Local Homilies

April 6, 2020

Monday of Holy Week
Lectionary: 257

Reading 1 Is 42:1-7

Here is my servant whom I uphold,
my chosen one with whom I am pleased,
Upon whom I have put my Spirit;
he shall bring forth justice to the nations,
Not crying out, not shouting,
not making his voice heard in the street.
A bruised reed he shall not break,
and a smoldering wick he shall not quench,
Until he establishes justice on the earth;
the coastlands will wait for his teaching.

Thus says God, the LORD,
who created the heavens and stretched them out,
who spreads out the earth with its crops,
Who gives breath to its people
and spirit to those who walk on it:
I, the LORD, have called you for the victory of justice,
I have grasped you by the hand;
I formed you, and set you
as a covenant of the people,
a light for the nations,
To open the eyes of the blind,
to bring out prisoners from confinement,
and from the dungeon, those who live in darkness.

Responsorial Psalm 27:1, 2, 3, 13-14

R.    (1a)  The Lord is my light and my salvation.
The LORD is my light and my salvation;
whom should I fear?
The LORD is my life’s refuge;
of whom should I be afraid?
R.    The Lord is my light and my salvation.
When evildoers come at me
to devour my flesh,
My foes and my enemies
themselves stumble and fall.
R.    The Lord is my light and my salvation.
Though an army encamp against me,
my heart will not fear;
Though war be waged upon me,
even then will I trust.
R.    The Lord is my light and my salvation.
I believe that I shall see the bounty of the LORD
in the land of the living.
Wait for the LORD with courage;
be stouthearted, and wait for the LORD.
R.    The Lord is my light and my salvation.

Verse Before the Gospel

Hail to you, our King;
you alone are compassionate with our faults.

Gospel Jn 12:1-11

Six days before Passover Jesus came to Bethany,
where Lazarus was, whom Jesus had raised from the dead.
They gave a dinner for him there, and Martha served,
while Lazarus was one of those reclining at table with him.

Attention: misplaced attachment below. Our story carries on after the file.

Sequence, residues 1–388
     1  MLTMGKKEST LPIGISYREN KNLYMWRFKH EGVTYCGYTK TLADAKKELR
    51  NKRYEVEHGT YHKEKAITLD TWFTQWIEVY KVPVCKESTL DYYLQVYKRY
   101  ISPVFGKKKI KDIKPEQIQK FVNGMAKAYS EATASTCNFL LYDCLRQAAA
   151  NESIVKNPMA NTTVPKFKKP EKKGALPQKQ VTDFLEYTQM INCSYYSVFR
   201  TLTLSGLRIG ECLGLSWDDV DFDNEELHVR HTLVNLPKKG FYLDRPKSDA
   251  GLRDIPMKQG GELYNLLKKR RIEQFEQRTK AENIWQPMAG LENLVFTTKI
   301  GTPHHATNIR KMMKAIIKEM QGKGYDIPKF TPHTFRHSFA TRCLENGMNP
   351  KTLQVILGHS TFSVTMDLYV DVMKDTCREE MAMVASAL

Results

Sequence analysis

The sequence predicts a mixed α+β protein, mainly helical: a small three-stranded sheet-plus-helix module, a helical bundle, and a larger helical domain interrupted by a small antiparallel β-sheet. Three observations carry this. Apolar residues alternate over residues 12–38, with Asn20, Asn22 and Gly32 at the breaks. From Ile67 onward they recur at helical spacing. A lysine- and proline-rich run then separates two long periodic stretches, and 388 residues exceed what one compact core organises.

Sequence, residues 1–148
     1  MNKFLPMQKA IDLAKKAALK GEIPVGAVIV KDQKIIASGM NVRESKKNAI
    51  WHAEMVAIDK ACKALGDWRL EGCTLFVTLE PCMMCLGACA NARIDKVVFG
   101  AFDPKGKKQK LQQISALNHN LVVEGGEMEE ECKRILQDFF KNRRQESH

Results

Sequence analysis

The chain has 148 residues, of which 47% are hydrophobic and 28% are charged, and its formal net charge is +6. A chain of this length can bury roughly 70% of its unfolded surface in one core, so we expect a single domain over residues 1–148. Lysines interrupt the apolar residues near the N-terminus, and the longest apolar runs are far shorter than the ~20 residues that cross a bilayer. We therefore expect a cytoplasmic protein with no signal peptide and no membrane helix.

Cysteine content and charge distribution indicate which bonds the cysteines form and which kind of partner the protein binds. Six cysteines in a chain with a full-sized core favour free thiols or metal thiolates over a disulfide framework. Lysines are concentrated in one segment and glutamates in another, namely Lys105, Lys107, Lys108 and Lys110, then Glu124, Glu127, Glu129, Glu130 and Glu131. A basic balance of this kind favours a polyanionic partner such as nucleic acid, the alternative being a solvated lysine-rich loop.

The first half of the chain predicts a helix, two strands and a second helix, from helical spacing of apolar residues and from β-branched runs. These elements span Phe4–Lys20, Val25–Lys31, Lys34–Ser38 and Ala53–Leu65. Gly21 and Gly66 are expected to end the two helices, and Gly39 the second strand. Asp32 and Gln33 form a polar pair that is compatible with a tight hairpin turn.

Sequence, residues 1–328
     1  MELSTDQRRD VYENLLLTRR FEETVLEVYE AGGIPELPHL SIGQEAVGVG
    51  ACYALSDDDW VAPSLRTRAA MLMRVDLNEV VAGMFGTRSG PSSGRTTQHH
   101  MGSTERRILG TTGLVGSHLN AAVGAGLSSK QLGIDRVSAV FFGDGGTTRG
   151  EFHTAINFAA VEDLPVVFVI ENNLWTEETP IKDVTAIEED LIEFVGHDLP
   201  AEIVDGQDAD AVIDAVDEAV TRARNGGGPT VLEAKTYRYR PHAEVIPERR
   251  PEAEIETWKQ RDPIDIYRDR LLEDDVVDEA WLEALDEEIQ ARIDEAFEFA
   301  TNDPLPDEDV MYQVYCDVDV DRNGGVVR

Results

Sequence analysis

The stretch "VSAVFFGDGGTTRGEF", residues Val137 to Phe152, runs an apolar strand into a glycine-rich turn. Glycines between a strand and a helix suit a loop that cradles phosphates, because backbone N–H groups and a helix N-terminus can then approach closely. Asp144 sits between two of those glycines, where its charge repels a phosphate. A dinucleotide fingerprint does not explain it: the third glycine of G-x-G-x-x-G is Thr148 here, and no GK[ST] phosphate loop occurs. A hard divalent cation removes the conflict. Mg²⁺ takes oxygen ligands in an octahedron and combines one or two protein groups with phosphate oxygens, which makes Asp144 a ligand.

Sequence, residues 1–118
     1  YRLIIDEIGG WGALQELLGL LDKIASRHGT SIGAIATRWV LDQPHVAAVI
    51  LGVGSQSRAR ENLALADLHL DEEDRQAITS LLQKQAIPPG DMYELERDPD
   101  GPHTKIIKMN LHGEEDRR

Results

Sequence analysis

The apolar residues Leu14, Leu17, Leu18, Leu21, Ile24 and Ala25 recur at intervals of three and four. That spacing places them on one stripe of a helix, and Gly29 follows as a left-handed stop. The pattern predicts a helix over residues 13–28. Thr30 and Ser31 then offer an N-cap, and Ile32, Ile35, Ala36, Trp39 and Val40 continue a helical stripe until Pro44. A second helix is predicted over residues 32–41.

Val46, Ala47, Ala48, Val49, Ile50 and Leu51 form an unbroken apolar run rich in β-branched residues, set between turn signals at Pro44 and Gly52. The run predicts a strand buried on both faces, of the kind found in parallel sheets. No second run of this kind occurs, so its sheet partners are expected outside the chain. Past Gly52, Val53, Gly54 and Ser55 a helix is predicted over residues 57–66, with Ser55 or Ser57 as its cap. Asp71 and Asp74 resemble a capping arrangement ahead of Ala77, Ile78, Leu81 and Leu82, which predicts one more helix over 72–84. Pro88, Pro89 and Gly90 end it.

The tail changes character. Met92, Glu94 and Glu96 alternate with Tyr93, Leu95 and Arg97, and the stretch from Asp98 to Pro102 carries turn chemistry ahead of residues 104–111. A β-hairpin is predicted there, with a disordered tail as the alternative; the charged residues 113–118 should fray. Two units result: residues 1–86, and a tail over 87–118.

Mary took a liter of costly perfumed oil
made from genuine aromatic nard
and anointed the feet of Jesus and dried them with her hair;
the house was filled with the fragrance of the oil.
Then Judas the Iscariot, one of his disciples,
and the one who would betray him, said,
“Why was this oil not sold for three hundred days’ wages
and given to the poor?”
He said this not because he cared about the poor
but because he was a thief and held the money bag
and used to steal the contributions.
So Jesus said, “Leave her alone.
Let her keep this for the day of my burial.
You always have the poor with you, but you do not always have me.”

The large crowd of the Jews found out that he was there and came,
not only because of him, but also to see Lazarus,
whom he had raised from the dead.
And the chief priests plotted to kill Lazarus too,
because many of the Jews were turning away
and believing in Jesus because of him.

Isaiah 42:1-7; Psalm 27:1, 2, 3, 13-14; John 12:1-11
From this question we will come to understand the worth of the oil that Mary was anointing at the feet of Jesus. Her action showed a great measure of love.
▪Ordinarily Jesus never encouraged waste anytime and anywhere. Today He allowed what Judas interpreted as waste of economy. The action of Mary elicited many reactions: for Judas it was a wasteful venture; for the Pharisees  it was scandalous allowing such a sinful woman to touch Him, (c.f. Luke 7:39). Only Jesus gave it a different interpretation – He saw an expression of love and contrition.
▪Our Lenten Season is coming to its end this week. Even though the coronavirus pandemic has altered everything we planned to do during this Lent, let us use this Holy Week to examine how far we have gone. Has there been a change of heart in us? Are we better than we were at the beginning of the Lenten Season? If so, then we are on a right track; if not, we still have a chance to do better.
▪Judas would have used this week to have a change of heart, but he kept seeing things the same way. I was discussing with a priest who told me that he was just planning to get married. In fact, he was almost there when he decided to go for the stations of the cross a time like this week, in his words, “I heard Jesus telling me that He needs me.” He told his fiancee the following day that Jesus wants him. We may see his decision from different positions, but only Jesus will give it a proper interpretation.
▪Just as Mary spent such a costly oil at the feet of Jesus, and used her hair, which is part of the beauty of a woman to wipe His feet, we are called this week to give up what is precious for us at the feet of Jesus. Whatever we do for the sake of God may be interpreted in many ways, but only God knows our hearts; and only Him knows the worth of what we have given up for His sake.
▪Dear friend, may we remember that God is still our light and salvation, therefore, let us not be afraid of anything; of giving up our time, energy, talent and other things in order to please Him. Now that we are all facing challenges, may we spend this oil at the feet of Jesus by thinking about the needy around us this week. May God bless us with a fruitful Holy Week. Through Christ our Lord. Amen
We all may not have costly oil like Mary, but we have costly things around us which we can give up for the sake of God. Our time, energy, talent and other things, are the oil with which we can anoint the feet of Jesus.
May God bless and protect you and your family from harm
Fr Joseph Chukwugozie Ikegbunam

Blessed Sacrament Parish, Stowe and Most Holy Name of Jesus Parish, Morrisville, Vermont, USA